So blind is Obama that he continues hoping Putin will change his mind. No way. If anything, 2016 will see Russia more entrenched militarily in Syria — and more adamantly behind the Ba’athist government. Moreover, because of the deeply flawed Vienna nuclear deal, Tehran, in just months, will gain access to more than $100 billion of previously frozen assets, thus providing resources to finance increased Iranian and Hezbollah military activity supporting Assad.

Obama’s unwillingness to act will therefore leave us, by Jan. 20, 2017, with Assad far more difficult to remove and the Moscow-Tehran-Damascus axis greatly strengthened.

• Third, Tehran by then also will have made another year’s worth of progress toward its long-sought objective of deliverable nuclear weapons. The International Atomic Energy Agency’s recent report made clear that Iran continued military work on its nuclear program until at least 2009, well after the 2003 cut-off date asserted in the highly politicized (and now thoroughly discredited) 2007 National Intelligence Estimate. The IAEA also stressed Tehran’s continued stonewalling on key questions it never had answered fully or satisfactorily on military issues. These findings alone show how duplicitous and untrustworthy the ayatollahs remain.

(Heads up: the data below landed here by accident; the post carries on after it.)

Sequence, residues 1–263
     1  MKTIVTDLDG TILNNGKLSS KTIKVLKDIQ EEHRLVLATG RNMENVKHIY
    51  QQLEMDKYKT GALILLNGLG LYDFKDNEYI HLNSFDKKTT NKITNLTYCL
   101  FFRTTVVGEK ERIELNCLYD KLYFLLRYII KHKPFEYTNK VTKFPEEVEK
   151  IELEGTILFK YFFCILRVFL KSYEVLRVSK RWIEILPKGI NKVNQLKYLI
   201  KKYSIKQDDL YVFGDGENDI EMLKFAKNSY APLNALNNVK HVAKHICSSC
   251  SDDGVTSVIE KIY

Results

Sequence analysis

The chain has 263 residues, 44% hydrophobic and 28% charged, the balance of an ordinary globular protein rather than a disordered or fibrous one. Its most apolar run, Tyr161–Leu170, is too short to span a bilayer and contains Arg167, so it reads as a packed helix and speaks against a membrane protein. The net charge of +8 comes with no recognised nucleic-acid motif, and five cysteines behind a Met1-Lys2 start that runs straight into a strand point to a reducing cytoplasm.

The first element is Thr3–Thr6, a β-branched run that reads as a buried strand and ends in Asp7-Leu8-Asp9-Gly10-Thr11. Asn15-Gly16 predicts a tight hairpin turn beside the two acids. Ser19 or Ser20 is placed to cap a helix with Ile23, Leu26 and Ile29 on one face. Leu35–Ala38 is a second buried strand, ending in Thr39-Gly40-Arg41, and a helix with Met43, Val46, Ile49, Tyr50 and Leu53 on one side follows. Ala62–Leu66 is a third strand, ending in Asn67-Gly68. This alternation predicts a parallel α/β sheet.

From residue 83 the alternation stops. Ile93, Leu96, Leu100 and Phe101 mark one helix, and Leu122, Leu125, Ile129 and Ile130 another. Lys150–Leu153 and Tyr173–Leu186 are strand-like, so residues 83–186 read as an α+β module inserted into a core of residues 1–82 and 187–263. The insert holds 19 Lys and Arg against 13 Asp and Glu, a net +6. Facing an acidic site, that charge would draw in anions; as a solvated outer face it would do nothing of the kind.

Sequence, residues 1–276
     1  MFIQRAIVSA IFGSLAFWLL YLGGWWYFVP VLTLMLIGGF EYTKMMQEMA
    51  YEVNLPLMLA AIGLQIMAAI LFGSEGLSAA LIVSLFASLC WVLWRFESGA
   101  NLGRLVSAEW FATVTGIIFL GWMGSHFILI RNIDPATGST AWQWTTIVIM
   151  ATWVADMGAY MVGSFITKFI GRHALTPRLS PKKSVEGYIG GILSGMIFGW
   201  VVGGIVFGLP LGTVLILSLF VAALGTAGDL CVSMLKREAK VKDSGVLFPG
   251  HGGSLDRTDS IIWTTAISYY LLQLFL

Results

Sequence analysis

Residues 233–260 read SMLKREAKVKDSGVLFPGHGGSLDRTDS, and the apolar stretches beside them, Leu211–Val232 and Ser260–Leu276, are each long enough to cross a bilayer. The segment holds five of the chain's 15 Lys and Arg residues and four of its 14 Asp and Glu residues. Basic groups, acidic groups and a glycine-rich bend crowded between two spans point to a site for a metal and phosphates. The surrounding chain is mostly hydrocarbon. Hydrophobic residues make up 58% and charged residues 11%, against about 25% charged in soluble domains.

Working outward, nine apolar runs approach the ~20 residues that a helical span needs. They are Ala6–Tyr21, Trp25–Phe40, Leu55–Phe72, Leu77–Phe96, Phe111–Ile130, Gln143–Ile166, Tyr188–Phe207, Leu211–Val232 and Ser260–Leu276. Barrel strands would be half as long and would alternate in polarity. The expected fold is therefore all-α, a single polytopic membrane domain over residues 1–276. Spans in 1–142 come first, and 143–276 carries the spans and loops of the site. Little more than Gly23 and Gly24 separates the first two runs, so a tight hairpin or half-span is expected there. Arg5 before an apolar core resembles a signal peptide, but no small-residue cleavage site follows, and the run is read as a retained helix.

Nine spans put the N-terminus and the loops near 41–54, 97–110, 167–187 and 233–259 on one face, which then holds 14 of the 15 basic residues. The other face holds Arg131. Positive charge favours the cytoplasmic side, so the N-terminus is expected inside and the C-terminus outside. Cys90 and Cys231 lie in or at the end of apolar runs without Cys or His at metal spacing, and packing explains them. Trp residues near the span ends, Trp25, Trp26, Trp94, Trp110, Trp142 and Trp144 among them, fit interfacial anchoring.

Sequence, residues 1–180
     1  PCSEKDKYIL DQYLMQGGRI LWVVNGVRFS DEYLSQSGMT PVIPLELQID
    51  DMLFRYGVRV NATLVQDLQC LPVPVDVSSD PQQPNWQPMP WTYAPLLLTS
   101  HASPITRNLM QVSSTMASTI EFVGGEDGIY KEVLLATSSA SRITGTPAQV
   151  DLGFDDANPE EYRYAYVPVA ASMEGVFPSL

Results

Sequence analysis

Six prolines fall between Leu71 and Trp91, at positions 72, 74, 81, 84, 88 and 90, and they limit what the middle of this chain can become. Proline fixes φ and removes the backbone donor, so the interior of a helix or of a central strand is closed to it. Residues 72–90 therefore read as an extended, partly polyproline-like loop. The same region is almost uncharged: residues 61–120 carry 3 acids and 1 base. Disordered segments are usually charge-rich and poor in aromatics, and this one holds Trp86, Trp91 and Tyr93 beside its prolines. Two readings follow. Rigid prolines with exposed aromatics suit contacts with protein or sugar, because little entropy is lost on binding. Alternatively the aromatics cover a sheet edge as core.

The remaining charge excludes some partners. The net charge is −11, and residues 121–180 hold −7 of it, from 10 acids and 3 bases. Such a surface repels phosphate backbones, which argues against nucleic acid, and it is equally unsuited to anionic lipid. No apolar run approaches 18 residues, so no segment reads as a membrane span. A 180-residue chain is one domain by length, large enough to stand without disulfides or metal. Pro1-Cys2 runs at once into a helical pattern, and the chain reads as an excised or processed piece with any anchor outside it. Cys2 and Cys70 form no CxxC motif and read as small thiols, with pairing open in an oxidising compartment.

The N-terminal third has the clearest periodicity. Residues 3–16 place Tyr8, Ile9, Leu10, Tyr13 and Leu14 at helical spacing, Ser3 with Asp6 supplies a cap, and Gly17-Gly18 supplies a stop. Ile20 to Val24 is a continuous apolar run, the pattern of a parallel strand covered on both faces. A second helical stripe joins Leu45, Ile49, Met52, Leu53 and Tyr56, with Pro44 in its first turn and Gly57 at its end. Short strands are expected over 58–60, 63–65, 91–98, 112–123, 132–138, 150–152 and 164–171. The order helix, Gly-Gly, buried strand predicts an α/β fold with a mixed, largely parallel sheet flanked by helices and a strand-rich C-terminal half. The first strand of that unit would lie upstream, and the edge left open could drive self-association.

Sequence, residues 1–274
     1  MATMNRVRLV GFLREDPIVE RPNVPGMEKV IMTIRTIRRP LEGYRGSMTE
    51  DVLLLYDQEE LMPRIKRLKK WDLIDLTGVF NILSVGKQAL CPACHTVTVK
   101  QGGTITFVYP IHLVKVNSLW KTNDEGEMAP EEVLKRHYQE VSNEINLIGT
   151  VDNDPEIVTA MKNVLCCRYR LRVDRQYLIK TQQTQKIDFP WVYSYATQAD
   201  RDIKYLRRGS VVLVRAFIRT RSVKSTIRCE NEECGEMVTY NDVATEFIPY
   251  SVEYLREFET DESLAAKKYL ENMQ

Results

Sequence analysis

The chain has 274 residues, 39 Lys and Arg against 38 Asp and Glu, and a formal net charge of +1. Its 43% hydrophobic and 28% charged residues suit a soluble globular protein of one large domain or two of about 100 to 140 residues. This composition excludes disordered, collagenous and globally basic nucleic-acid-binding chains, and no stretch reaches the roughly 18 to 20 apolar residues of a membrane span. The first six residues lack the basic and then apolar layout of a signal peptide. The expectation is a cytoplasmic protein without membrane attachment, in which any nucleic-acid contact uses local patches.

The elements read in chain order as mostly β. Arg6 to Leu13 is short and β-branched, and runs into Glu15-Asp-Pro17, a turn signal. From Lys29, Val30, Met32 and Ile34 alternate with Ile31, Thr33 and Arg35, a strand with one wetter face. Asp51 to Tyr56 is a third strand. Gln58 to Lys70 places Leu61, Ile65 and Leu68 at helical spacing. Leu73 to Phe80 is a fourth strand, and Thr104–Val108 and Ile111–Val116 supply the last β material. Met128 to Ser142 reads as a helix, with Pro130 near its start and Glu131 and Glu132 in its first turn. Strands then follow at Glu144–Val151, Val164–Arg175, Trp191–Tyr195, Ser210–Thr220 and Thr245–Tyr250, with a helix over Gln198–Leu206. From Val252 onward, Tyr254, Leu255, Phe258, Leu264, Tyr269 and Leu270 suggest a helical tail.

Given this prognosis, it is unrealistic for candidates to talk about removing Assad from power, however desirable such an objective might be in the abstract. This does not mean we should accept Assad or work with his regime; it means that Obama’s mistakes have stuck us with Assad for the foreseeable future.

By January 2017, Russia will be even more entrenched in Syria, meaning either direct confrontation with a new president or accepting a trade Putin would delight in making: reduced Russian involvement in Syria in exchange for lifting the West’s Ukraine-related sanctions against Russia.

Sadly, given the chance, Obama and Europe would both likely make that trade. A new Republican president should not.

As has been true since 2011, Syria and Assad are a strategic side show. The real issue is the regime in Tehran. It is Tehran that is speeding toward nuclear weapons and provoking a regional nuclear arms race. It is Tehran that most threatens Israel. It is Tehran that keeps Assad in power. And it is Tehran that remains the central banker for international terrorism.

Accordingly, the new president must simultaneously pursue the elimination of Iran’s nuclear threat and a robust policy based on U.S. leadership and full participation, including ground forces, to destroy ISIS, not ultimately, but now. Assad simply is secondary to these larger objectives. A realistic 2017 American foreign policy should focus more on eliminating the actual threats we face, not merely on their symptoms.